What's the Deal with EGGS?!
The overarching question of 2022 - “what’s going on with eggs?”.
It’s a tale of harrowing grain markets, drought, Ukraine, and apparently, Putin. But in a word - Feed. With feed quality effects on egg production now demanding national attention, I’m confident we can pin the blame squarely on feed. Feed price, but also feed quality.
No, it’s probably not a global conspiracy. The grains used in chicken feed bought today were likely harvested a year ago. Maybe more. There was severe drought and high heat in the Southeast over the last 2 years. That kind of stress hinders crop performance greatly. A bushel of peanuts (our main feed ingredient) has well established nutrition values used by the feed mills. Chief among them is protein.
For a chick to develop into a healthy, mature hen, she needs very specific nutrition through her first 22 weeks after hatch. Something like 19% protein content up and until she begins to lay large eggs. We’ve seen some other farms test their feed, showing actual protein content closer to 10%!
That’s enough to cripple a chicken’s development and have permanent effects on her egg production. We have not tested ours, because they ate it all, but we’d bet at least a dollar that our feed wasn’t up to snuff while our chicks were developing. To be clear - this is speculation.
As goes feed prices, so goes egg prices. Or at least that’s how we should’ve done it. We held out hope that we could stomach a few high feed purchases in hopes that prices would settle back down to “normal”. However, between price spikes and our poor flock performance, we’ve landed ourselves in a tight spot. Below, we’ve tried to give an overview of the last 13 months and where we now know we should have made incremental changes and communicated with you better.
We buy 4 tons of feed for a nostalgic $725/ton. Oh, to feel that sun upon our face again.
Feed is now $840/ton, but because of the ol’ “Putin Price Hike” on fuel, it comes to $980/ton. We stomach this price increase with no changes to our pricing, because we love you.
Our new flock of a new breed to our farm, black Australorps, have begun to lay lots of tiny eggs - just how it should be. But by July, the size is still averaging small, where we should be seeing large. Production never hits more than 50% of expected output.
Eggs finally creep up into medium and large, but total egg production is in the less than 10 dozen/week. A normal amount in August (read: HOT) should be 20-30 dozen. This is bad, but we hope things will bounce back when the heat breaks. SPOILER - It does not.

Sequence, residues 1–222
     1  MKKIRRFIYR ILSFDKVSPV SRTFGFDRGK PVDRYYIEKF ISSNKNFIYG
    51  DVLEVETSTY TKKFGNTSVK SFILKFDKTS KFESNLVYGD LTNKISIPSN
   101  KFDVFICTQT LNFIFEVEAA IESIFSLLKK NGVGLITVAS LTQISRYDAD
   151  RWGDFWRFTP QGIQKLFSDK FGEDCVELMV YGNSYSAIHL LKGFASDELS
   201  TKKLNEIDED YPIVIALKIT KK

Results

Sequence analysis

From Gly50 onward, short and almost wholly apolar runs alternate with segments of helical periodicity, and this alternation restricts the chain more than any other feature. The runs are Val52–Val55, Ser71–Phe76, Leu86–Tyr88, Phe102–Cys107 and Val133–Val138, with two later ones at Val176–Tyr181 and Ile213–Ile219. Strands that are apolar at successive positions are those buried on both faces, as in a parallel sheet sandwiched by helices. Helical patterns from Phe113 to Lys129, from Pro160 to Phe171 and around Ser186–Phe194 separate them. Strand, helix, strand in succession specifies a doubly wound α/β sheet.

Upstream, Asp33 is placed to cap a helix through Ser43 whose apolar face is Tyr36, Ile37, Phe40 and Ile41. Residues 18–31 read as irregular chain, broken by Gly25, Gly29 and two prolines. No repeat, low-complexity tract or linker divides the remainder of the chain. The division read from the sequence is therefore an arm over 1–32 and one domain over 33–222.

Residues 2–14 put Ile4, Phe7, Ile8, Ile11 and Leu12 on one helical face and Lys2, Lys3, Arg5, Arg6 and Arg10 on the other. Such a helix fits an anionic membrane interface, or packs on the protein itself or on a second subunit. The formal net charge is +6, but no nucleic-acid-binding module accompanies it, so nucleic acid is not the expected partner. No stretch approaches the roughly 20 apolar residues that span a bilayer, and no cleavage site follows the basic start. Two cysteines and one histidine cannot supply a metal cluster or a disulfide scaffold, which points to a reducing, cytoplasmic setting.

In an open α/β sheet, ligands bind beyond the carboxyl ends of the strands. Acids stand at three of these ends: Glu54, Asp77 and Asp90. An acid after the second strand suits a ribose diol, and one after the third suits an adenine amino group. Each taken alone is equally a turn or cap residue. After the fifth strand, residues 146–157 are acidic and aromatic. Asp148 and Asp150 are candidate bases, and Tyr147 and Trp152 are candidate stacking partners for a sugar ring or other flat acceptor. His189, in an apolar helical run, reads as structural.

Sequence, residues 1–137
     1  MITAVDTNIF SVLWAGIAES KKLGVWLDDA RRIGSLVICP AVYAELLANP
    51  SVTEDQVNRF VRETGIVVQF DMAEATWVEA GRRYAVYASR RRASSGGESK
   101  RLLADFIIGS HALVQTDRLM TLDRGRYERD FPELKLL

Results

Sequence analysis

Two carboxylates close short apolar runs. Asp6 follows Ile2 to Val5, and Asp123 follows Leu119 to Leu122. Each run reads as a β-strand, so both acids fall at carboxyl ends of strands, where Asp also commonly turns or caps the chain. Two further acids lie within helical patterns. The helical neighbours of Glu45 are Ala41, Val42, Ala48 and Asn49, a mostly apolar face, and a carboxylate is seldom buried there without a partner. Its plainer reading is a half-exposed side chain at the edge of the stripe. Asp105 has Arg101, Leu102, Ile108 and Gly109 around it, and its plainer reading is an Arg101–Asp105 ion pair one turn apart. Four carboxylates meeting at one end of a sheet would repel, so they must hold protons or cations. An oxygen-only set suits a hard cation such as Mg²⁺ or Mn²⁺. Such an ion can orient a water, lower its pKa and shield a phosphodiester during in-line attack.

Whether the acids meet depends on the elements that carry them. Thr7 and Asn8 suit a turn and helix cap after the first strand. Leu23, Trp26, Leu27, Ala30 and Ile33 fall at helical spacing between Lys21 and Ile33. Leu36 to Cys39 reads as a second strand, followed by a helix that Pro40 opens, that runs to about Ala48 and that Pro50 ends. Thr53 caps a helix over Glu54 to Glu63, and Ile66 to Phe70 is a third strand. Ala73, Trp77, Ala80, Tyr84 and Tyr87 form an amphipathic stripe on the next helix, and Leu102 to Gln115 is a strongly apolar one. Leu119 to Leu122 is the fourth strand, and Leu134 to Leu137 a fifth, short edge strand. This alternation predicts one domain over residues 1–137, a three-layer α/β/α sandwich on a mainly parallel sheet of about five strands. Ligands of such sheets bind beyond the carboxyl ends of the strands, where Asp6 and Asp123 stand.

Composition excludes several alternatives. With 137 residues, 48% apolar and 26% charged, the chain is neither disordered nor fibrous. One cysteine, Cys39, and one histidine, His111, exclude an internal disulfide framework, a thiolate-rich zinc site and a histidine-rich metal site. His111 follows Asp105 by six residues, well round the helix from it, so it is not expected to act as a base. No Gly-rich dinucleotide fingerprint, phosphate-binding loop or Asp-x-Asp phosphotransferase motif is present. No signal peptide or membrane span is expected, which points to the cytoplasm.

Our last bulk purchase of feed for 2022. We pay an eye-watering $1,250/ton. In hindsight, this was the time to roll out a price increase. We tried to stomach that spike in feed cost, again because we love you. We hope that prices will come back down. They do not. In fact, projections are that they will only keep going up through 2023.
Cool weather comes. Eggs do not. We wallow in desolation and ruin. We surrender to the fact that this flock, for reasons yet unknown, is a dud. We should order new chicks now. We don’t. We have enough feed to last until the end of the year. Some eggs are better than no eggs, so we press on.
That brings us to present day. October feed is gone. We pay a knee-buckling $1,360/ton. For the week of January 27 - February 3, the flock eats $330 worth of feed. They produce 10 dozen salable eggs. I was as surprised as you by the spelling of “salable”. In case there’s any industrial engineers reading this, that’s $33/dozen just to pay the feed bill. Any takers? On top of this, all of our usual hatcheries have no chicks available until mid summer 2023. Which means we don’t have a chance to rebound our production until the end of 2023.
Where We Go From Here
Over a 13 month period, our feed costs rose by 88%, and our flock’s egg production hovers around 25%. Since we aren’t trying to get hauled in front of Congress to explain $50/dozen eggs, the only practical solution here is to turn this flock into stewing hens, buy new chicks, and try again in 6 months.
That’s exactly what we would do…IF we weren’t in the middle of a national egg shortage and record breaking egg prices. If you’re forced to buy CAFO eggs for obscene prices, we thought this would be the wrong time to remove your choice to buy a local, truly pasture raised egg that’s corn and soy free.
So, in the interim, effective February 5th, 2023, the price of our eggs will be $8/dozen.
If you haven’t thrown your phone in disgust, we hope you will understand that this is not a opportunistic money grab, but rather a long overdue reaction to a perfect storm of factors that we mostly ignored. We haven’t ruled out culling our current flock and putting a pause on eggs for 2023, but with your help, we will try to ride this out a little longer.
Whatever eggs we can produce each week will be available at Cordell's.
We appreciate each and every one of you for helping us grow this crazy little idea into the budding farm it is today. We’re excited about the future of B&C Farm, whatever path it takes us to get there.
Brittany & Chris